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Old 12th June 2006, 01:16 PM   #1
elaar is offline elaar  United Kingdom
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Default Power Supply Design for a solid state amplifier

Hi, I was hoping someone wouldn't mind looking at this design and commenting on it's suitability.

I'm making a 140w/8ohm amplifier (Randy Sloanes favourite design in his book using L-Mosfets).

I don't need to say much about it because i've written quite a bit on the design pic.
This is the first time i have built a psu and so am a bit bewildered, I have made this design by basically copying from about 4 different designs I have studied.
Things i was wondering include are the capacitors the best performance values, and what type of capacitor should each one be? Have I also missed out any components that could improve the filtering? Should the capacitors be bypassed, should the diodes have bypass caps and with a 500VA transformer is soft start recommended?

Thank you to those that take the time to look at it and comment.

Thanks,
Andy
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Old 12th June 2006, 01:26 PM   #2
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The ground from the caps should go straight to the chassis ground, as should your speaker returns. Save your HQ ground for signal levels.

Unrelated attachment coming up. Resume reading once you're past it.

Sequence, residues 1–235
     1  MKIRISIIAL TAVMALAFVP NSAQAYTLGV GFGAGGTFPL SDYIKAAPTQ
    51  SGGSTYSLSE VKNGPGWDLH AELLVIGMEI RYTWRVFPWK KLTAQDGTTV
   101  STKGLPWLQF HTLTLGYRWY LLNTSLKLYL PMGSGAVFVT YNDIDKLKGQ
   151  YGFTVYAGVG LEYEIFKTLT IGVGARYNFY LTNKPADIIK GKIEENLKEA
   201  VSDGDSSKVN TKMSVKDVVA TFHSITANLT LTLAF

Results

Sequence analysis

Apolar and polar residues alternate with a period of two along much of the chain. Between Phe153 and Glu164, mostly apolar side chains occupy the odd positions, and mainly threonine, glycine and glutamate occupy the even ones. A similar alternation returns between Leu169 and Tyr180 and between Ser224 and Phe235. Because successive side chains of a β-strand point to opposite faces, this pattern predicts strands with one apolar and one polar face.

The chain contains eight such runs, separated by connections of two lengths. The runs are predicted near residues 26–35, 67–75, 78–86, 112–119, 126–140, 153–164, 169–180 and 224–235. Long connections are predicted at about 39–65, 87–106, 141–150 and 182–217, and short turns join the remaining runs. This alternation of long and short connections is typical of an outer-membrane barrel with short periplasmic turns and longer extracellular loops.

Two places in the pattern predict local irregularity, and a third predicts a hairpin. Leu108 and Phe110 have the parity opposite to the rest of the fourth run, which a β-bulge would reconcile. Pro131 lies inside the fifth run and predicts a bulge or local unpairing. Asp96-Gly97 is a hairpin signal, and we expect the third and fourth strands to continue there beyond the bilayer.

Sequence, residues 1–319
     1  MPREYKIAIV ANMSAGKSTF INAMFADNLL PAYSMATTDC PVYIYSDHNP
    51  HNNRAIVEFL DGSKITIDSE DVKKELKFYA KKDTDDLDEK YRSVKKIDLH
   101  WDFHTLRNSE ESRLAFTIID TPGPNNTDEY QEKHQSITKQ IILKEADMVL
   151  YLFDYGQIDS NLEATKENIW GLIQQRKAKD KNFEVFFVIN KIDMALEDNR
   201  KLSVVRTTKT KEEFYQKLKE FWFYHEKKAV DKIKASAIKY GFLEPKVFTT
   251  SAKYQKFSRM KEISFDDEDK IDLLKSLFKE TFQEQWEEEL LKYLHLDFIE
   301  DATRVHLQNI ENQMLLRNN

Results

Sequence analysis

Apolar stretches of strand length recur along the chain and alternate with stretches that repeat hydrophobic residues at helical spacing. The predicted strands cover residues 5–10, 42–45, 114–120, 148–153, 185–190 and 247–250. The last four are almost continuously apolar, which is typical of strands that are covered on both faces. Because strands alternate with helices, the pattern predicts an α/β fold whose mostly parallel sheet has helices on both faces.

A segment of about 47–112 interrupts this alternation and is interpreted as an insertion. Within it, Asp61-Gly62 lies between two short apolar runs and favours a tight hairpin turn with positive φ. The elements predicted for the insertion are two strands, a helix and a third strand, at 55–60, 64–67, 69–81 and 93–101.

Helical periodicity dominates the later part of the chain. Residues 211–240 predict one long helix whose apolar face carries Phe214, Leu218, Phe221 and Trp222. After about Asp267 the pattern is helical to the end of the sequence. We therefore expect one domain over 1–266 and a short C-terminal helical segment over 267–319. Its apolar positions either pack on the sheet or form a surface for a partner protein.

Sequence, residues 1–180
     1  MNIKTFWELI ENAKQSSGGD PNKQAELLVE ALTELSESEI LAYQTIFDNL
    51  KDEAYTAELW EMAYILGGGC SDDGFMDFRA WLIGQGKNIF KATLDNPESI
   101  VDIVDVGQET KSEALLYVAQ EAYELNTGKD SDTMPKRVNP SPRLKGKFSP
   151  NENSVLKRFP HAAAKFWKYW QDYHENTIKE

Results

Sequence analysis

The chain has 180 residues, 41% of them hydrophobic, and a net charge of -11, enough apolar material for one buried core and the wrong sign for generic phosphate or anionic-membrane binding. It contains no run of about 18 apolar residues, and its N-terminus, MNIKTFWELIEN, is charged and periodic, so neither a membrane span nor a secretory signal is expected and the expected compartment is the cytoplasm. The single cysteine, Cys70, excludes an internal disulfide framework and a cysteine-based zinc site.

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Old 12th June 2006, 01:52 PM   #3
elaar is offline elaar  United Kingdom
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Ahh okay, thanks for the input I will change the design.

I also meant to ask, I have quite alot of copper sheeting, and as the case isn't that large and the toroidal is large, I was firstly going to put the toroidal into an old pc psu case, and use the copper shielding to make a faraday cage for the amplifier pcbs. Should the copper cases then have a route to ground through a cermaic capacitor? (I have seen this done in some amplifiers).

Cheers,
Andy
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Old 12th June 2006, 02:32 PM   #4
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In a slight contrast to Pinkmouse, I advise you use the centre of the caps as your star point, so each bridge has its own connection to the caps 0V, not shared like you have drawn it. Then a wire off this goes to chassis. All your speaker returns go to the star point not the chassis. The amp board will have a connection also to the star point which you will then take input screen/ground from, and any other 0V references on the board. You might wish to also have a 'dirty 0V' trace on the board which uses another wire back to the star point, for zobel and decoupling networks.

You need another cap across the other switch. I would use 4.7nF Y-rated caps for this purpose as they fail safe.

Your input and output sockets should be isolated from the case.

I would not bypass very large caps with very small ones as this creates resonant circuits.

A soft start is essential for 500VA, usually over 300VA you would use one.

I would personally put the fuses in the amp rails not before the rectifiers. Thus each amp is fused safely then. If there is a problem with the bridge or caps the primary fuse will blow, if sized correctly and protected with a soft start.